Fig. 1: Sample frames of lidar data. The top and bottom rows show range and intensity data, respectively.

In recent years, depth cameras have become popular for gait analysis mainly due to their ability to provide a three dimensional depiction of the scene [13, 14, 15]. Unlike their optical counterparts, depth cameras like lidar and Kinect can provide depth information that is not sensitive to illumination and changing in the lighting conditions that are among major issues in uncontrolled environments. This makes depth camera an ideal candidate for long-term person identification that rely on features such as time-invariant biometrics. In this work, we utilize the flash lidar technology to collect data. A flash lidar camera uses pulsed laser to illuminate the whole scene and simultaneously record range (depth) and intensity information. Figure 1 shows sample frames of the collected intensity and range data by the flash lidar camera. Since the laser beams can be focused to suit the objects of interest, a flash lidar camera can provide detailed depth imaging of the scene. This property of flash lidar has lead to extensive applications in areas such as autonomous vehicles, atmospheric physics, archaeology, forestry, geology, geography, seismology, space missions, and transportation.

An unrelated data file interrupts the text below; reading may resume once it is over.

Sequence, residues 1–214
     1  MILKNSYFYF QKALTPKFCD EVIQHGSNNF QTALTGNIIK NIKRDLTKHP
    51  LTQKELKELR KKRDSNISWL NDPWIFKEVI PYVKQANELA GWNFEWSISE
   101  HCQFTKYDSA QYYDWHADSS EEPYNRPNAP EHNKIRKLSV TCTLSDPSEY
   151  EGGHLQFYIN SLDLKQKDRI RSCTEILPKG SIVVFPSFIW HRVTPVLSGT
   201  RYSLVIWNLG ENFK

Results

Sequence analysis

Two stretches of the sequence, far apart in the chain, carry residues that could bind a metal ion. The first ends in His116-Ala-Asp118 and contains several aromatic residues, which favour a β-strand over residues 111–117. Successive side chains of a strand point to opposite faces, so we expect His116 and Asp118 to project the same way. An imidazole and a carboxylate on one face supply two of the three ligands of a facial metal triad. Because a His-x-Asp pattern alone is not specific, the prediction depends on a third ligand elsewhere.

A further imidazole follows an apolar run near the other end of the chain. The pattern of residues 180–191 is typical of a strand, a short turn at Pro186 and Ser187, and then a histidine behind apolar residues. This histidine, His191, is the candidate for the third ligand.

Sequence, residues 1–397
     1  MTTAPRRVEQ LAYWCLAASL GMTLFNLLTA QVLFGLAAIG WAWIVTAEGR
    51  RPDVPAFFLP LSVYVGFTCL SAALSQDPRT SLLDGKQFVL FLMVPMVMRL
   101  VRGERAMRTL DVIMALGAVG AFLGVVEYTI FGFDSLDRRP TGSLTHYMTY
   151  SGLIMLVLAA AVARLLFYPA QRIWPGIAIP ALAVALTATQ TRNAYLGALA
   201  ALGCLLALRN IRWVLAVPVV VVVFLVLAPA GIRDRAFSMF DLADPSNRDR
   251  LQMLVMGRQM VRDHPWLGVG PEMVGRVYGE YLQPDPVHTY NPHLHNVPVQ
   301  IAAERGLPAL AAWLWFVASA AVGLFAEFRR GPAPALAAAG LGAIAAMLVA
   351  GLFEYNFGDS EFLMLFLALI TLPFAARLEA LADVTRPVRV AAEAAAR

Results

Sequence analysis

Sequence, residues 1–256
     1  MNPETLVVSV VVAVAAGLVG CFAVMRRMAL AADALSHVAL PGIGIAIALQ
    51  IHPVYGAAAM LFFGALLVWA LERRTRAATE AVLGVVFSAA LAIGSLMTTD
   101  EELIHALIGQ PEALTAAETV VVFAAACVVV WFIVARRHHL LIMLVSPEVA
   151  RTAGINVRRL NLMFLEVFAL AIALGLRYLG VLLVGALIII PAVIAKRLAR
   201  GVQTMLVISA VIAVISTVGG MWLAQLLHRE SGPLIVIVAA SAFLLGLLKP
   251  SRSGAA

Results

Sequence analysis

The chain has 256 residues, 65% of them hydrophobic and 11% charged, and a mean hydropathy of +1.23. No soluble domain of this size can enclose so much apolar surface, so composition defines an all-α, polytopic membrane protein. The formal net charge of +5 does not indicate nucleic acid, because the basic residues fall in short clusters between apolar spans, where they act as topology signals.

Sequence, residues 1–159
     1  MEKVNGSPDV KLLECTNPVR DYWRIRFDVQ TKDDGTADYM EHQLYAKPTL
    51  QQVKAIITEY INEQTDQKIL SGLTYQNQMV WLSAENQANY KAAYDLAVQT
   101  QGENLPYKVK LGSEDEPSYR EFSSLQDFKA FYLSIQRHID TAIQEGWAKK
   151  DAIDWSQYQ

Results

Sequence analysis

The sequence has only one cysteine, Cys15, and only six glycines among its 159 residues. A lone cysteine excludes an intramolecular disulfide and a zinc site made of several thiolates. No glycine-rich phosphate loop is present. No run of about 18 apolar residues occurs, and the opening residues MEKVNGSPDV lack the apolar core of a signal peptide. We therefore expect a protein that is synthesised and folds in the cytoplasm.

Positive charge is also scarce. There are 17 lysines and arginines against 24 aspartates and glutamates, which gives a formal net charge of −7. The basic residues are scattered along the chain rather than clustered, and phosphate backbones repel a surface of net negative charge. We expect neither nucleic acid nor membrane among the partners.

Video-based gait recognition approaches are generally divided into two main categories, model-based, and model-free methods. Model-free methods rely on features that can be obtained from clean silhouettes [16, 17]. They are easy to implement and computationally less expensive compared to their model-based counterparts. However, model-free methods are not view and scale invariant, and require recordings from multiple angles that is not always feasible from applicability point of view. Using skeleton for gait recognition is categorized as a model-based approach for person identification. Most of the existing methods rely on fitting a model, usually a skeleton, to human silhouettes [18, 19]. The main issue with the model-based methods is the fact that in general, model fitting is a computationally expensive process. While such difficulties are not an issue with structured lighting approaches such as Kinect due to the direct estimation of joints coordinates, the working range of Kinect is limited. Furthermore, the range information of Kinect is not reliable in outdoor environments, because it is not easy to differentiate the infrared light of the sensor from the high intensity infrared of environment [20, 21]. To curb the computational complexity of model-based methods, several studies rely on high-quality real-time skeleton joints data generated by Mocap [22, 23]. However, in terms of applicability, Mocap is limited to a laboratory environment which is a major drawback. Unlike Mocap, flash lidar has been extensively used for outdoor applications. Compared with Kinect, a flash lidar camera has a drastically extended range ( meters) and its performance is not degraded in outdoor environments due to the high irradiance power of pulsed laser generated by lidar compared with the background [24].